Laws enacted by the U.S. government affect and impact adoption and foster care in all states. Adoption 2002
Federal initiative to move waiting children into permanent homes expeditiously and compassionately.
Was paying states to push forward with timely and appropriate placements for children in foster care the best we could do? The Adoption 2002 Initiative in review.... [more]
The new Act became effective on February 27, 2001 and it still frequently misunderstood. The Act allows for automatic citizenship for many foreign-born adoptees. Read about the Act and how it works. ... [more]
Background to ratification of the Hague Convention on Intercountry Adoption. The Convention was ratified by the U.S., however implementation has not yet been accomplished.... [more]
An explanation of the Hague Convention on Intercountry Adoption which has become law in the U.S.... [more] Family and Medical Leave Act (FMLA)
This U.S. federal law covers adopted children as well as biological, step, and foster children, legal wards, and child of a person standing in loco parentis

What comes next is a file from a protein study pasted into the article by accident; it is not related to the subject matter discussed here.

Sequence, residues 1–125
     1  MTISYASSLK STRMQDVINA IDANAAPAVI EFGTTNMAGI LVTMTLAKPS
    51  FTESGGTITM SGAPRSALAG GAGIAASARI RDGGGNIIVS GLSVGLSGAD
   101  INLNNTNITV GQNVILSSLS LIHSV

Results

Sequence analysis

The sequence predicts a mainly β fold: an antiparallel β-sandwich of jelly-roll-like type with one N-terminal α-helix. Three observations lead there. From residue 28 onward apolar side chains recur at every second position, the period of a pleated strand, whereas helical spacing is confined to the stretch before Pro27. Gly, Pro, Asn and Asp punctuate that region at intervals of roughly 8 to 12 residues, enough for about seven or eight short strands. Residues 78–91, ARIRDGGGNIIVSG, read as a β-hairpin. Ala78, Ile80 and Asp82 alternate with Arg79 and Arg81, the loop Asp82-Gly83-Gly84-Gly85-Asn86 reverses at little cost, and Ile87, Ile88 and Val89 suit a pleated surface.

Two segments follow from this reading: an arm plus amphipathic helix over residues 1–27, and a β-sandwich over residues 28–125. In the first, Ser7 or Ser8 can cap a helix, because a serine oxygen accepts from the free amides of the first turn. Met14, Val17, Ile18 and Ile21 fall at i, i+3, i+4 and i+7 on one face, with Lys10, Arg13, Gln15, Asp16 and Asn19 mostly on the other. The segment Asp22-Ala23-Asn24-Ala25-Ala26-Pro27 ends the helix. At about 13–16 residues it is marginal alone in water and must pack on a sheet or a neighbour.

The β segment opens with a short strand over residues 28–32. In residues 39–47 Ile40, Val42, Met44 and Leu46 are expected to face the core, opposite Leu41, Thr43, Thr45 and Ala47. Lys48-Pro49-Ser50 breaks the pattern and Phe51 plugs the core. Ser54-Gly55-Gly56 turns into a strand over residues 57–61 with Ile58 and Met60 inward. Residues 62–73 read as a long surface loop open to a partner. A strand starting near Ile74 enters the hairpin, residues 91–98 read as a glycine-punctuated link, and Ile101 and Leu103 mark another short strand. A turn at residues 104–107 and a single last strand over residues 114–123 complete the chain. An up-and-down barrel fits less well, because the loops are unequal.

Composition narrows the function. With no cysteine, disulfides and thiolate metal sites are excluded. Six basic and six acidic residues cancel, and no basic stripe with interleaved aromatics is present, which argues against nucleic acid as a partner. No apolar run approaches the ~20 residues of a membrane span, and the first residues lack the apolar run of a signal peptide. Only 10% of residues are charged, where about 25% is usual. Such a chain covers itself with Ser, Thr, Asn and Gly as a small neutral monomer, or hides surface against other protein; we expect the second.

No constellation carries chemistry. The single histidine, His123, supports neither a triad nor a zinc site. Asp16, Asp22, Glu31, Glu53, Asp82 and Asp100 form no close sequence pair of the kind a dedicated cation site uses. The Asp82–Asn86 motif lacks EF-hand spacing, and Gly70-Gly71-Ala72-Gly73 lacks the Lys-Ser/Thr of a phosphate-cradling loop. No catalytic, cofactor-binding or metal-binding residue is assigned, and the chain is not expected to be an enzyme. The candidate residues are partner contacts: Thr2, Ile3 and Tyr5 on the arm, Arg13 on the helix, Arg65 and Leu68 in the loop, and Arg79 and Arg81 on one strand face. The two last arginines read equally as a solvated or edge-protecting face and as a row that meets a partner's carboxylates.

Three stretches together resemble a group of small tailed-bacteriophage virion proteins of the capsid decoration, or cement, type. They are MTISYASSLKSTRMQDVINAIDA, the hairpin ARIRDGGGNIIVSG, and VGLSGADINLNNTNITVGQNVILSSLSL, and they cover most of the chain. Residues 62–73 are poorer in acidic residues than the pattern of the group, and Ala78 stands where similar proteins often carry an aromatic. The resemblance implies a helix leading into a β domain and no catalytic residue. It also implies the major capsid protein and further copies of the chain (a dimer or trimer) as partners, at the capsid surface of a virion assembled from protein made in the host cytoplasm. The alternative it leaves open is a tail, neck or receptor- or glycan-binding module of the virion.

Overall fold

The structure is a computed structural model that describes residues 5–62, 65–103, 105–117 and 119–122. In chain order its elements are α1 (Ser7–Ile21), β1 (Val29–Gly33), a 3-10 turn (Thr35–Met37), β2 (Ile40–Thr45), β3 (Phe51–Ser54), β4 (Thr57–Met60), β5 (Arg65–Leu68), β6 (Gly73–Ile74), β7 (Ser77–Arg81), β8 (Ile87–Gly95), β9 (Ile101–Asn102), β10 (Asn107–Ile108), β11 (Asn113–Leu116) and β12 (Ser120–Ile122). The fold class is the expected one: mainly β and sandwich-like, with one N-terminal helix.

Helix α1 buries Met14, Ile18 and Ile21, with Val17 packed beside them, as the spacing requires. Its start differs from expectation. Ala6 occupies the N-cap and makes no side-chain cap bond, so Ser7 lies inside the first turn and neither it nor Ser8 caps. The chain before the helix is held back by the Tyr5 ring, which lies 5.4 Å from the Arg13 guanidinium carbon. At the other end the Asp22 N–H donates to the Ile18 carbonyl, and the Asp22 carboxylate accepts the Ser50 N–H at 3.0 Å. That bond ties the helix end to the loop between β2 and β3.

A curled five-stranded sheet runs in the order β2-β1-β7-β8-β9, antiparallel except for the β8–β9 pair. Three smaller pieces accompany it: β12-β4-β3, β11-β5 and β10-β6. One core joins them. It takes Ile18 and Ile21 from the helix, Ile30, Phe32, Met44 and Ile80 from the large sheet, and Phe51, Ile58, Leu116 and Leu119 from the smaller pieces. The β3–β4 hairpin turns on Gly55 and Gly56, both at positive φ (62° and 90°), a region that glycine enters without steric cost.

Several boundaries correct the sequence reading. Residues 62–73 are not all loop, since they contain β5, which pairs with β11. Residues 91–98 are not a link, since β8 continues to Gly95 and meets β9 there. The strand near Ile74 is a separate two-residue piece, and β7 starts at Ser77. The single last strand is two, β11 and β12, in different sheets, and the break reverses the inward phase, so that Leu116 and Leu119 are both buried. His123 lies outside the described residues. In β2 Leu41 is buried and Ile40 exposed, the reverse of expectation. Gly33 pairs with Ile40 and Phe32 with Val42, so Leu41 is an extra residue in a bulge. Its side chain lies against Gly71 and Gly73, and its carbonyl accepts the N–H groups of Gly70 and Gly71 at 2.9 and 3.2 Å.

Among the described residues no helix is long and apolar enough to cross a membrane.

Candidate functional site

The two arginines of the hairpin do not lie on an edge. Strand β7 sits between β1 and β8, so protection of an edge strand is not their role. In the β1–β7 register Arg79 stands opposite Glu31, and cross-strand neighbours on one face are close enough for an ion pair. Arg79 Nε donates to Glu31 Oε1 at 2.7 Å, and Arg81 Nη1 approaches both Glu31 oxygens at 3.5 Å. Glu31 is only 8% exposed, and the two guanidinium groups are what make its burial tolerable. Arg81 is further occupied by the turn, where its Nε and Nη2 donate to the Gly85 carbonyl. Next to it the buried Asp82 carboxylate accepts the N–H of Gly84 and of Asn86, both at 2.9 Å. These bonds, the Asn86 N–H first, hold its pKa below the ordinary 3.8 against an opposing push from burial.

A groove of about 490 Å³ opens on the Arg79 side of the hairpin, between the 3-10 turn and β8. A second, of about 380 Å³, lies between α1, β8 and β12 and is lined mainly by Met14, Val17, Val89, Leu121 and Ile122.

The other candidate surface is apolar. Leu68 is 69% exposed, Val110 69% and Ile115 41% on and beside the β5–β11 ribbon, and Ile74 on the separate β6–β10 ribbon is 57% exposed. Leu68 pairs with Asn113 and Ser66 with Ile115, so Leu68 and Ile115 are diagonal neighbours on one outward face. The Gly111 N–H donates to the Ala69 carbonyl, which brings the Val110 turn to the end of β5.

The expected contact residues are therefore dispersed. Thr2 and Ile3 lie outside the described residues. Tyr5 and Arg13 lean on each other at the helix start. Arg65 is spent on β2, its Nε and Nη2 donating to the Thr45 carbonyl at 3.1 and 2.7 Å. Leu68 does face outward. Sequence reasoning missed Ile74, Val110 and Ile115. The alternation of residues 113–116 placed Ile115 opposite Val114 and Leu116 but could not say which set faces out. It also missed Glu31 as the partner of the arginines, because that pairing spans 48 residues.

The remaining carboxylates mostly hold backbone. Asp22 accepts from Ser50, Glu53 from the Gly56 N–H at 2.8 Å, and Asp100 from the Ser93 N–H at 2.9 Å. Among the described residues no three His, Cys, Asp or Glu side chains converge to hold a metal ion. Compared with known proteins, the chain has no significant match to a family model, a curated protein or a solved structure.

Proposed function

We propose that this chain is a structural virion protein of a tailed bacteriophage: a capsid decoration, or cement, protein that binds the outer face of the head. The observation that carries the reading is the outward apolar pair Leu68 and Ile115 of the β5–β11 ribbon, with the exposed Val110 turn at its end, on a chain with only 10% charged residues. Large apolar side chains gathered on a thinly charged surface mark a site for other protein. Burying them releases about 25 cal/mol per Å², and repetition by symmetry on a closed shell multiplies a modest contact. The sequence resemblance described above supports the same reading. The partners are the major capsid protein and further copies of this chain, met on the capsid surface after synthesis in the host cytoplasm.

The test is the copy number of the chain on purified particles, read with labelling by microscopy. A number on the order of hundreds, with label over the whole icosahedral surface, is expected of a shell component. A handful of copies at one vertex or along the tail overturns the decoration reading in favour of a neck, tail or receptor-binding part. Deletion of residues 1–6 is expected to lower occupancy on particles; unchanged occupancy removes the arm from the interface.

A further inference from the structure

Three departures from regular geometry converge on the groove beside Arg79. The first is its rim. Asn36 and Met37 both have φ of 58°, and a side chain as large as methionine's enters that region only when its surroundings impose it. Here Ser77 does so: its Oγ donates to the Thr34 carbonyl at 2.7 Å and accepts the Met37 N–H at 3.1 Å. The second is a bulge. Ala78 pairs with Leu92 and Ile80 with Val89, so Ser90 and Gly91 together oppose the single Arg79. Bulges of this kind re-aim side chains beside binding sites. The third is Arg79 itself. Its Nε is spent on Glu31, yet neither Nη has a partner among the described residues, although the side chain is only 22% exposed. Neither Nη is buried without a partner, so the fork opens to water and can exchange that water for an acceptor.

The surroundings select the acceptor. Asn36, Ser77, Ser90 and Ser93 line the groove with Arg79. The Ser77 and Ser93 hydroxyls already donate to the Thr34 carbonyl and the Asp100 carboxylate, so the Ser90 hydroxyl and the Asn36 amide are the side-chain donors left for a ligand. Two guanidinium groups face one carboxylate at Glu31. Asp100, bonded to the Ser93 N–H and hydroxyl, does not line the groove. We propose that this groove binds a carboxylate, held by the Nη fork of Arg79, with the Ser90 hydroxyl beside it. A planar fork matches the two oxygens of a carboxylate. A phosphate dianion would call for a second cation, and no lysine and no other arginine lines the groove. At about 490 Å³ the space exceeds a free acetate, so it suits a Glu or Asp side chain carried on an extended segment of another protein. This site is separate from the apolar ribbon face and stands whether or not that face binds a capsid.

. Indian Child Welfare Act, The (1)
This excellent clear language description of the Act and its effect on adoption is provided by Illinois attorneys Crouse Cobb & Bays. Indian Child Welfare Act, The (2)
This Act, and its many disputed amendments, has been at the center of adoption controversy for several years. From the National Indian Child Welfare Association. Federal Legislation: Overview
Overview of federal laws and pending legislation affecting child welfare, adoption, and foster care from the National Adoption Information Clearinghouse. Federal Legislation: Full Text
Links to the full text of recent legislation affecting child welfare, adoption, and foster care, from the Children's Bureau. Legislation Affecting Native Americans
A legislative and Supreme Court alert regarding anything that may impact the American Indian community. Updated regularly. Multi-Ethnic Placement Act, The
Enacted in 1996, the law prohibits discrimination in the placement of children based on race, color, or national origin.